Girls in Malawi face multiple barriers that prevent them from enjoying their rights and realising their full potential. In many cases, household poverty and discriminatory practices which favour boys over girls mean that girls lack access to education. Those that are in school often face environments which are not girl-friendly, while sexual and gender-based violence remains a threat inside and outside of the classroom.
Malawi has one of the highest child marriage rates in the world. Despite laws against it, almost 1 in 2 girls are married before the age of 18. Cultural, social and economic factors - inter-generational poverty, social insecurity and limited economic opportunities, low educational levels and limited knowledge of children's rights - mean the practice is still deeply entrenched. The billboard here reads: "Every Child has the right to be heard; Let’s all join hands in combating child marriage."
To help change this, Save the Children Malawi is implementing an EU-funded project which aims to combat child marriage and human trafficking in Mwanza and Neno districts. The project aims to promote children's rights through awareness-raising activities, including through child-led clubs.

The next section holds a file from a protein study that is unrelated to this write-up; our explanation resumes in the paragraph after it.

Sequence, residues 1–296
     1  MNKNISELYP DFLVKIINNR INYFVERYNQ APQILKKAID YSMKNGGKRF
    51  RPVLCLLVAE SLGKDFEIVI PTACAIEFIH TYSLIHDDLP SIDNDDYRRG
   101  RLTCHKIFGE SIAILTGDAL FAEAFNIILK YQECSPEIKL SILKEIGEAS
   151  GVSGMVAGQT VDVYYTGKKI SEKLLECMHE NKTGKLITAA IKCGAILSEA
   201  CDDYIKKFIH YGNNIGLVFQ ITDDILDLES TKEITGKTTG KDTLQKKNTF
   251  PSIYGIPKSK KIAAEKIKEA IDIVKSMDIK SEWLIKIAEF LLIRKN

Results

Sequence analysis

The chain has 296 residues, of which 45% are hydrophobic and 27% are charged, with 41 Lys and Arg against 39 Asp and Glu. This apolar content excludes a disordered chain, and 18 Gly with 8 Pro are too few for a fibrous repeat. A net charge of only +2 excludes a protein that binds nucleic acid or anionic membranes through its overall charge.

Girls' camps provide girl-only safe spaces which offer girls a platform to talk about the challenges they face, as well as build their capacity as champions and advocates for girls' rights. The camps also offer girls the chance to just be girls. "This girls' camp has helped us to realise that we have the right to say NO to early marriages and chose to continue with our education," said 16-year-old Sunganani Eliya, 2017 Girls' Camp President in Neno district. "Our parents have the duty to see through our education. It is important that each one of us here think about their future and decide on what they would like to be."